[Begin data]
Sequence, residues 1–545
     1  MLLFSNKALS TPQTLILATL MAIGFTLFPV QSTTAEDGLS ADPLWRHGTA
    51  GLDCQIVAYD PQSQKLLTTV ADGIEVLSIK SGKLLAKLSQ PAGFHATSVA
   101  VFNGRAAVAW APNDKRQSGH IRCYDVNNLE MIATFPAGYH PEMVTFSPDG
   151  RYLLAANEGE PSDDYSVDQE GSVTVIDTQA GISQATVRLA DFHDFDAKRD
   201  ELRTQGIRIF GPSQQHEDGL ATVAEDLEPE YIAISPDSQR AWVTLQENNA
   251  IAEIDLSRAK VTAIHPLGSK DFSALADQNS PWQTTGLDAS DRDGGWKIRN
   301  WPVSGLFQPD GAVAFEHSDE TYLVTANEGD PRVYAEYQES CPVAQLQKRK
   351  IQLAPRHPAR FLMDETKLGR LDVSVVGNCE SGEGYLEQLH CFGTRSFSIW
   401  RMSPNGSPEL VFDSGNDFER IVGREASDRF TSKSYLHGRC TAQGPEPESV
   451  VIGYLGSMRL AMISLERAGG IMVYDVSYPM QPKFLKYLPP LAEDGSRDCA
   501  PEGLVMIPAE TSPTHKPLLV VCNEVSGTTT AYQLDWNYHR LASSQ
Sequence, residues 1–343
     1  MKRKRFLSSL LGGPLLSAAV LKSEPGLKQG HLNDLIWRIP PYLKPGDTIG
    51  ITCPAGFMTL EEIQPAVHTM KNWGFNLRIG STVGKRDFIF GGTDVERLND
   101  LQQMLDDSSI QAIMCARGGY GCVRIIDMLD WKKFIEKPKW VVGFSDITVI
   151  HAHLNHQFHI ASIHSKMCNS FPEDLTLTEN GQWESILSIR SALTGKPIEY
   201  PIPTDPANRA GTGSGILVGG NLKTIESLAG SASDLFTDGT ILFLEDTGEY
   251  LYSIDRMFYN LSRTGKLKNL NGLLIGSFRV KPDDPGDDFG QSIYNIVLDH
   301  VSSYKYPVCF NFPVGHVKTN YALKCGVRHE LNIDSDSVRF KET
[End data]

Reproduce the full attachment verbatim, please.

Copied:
Sequence, residues 1–545
     1  MLLFSNKALS TPQTLILATL MAIGFTLFPV QSTTAEDGLS ADPLWRHGTA
    51  GLDCQIVAYD PQSQKLLTTV ADGIEVLSIK SGKLLAKLSQ PAGFHATSVA
   101  VFNGRAAVAW APNDKRQSGH IRCYDVNNLE MIATFPAGYH PEMVTFSPDG
   151  RYLLAANEGE PSDDYSVDQE GSVTVIDTQA GISQATVRLA DFHDFDAKRD
   201  ELRTQGIRIF GPSQQHEDGL ATVAEDLEPE YIAISPDSQR AWVTLQENNA
   251  IAEIDLSRAK VTAIHPLGSK DFSALADQNS PWQTTGLDAS DRDGGWKIRN
   301  WPVSGLFQPD GAVAFEHSDE TYLVTANEGD PRVYAEYQES CPVAQLQKRK
   351  IQLAPRHPAR FLMDETKLGR LDVSVVGNCE SGEGYLEQLH CFGTRSFSIW
   401  RMSPNGSPEL VFDSGNDFER IVGREASDRF TSKSYLHGRC TAQGPEPESV
   451  VIGYLGSMRL AMISLERAGG IMVYDVSYPM QPKFLKYLPP LAEDGSRDCA
   501  PEGLVMIPAE TSPTHKPLLV VCNEVSGTTT AYQLDWNYHR LASSQ
Sequence, residues 1–343
     1  MKRKRFLSSL LGGPLLSAAV LKSEPGLKQG HLNDLIWRIP PYLKPGDTIG
    51  ITCPAGFMTL EEIQPAVHTM KNWGFNLRIG STVGKRDFIF GGTDVERLND
   101  LQQMLDDSSI QAIMCARGGY GCVRIIDMLD WKKFIEKPKW VVGFSDITVI
   151  HAHLNHQFHI ASIHSKMCNS FPEDLTLTEN GQWESILSIR SALTGKPIEY
   201  PIPTDPANRA GTGSGILVGG NLKTIESLAG SASDLFTDGT ILFLEDTGEY
   251  LYSIDRMFYN LSRTGKLKNL NGLLIGSFRV KPDDPGDDFG QSIYNIVLDH
   301  VSSYKYPVCF NFPVGHVKTN YALKCGVRHE LNIDSDSVRF KET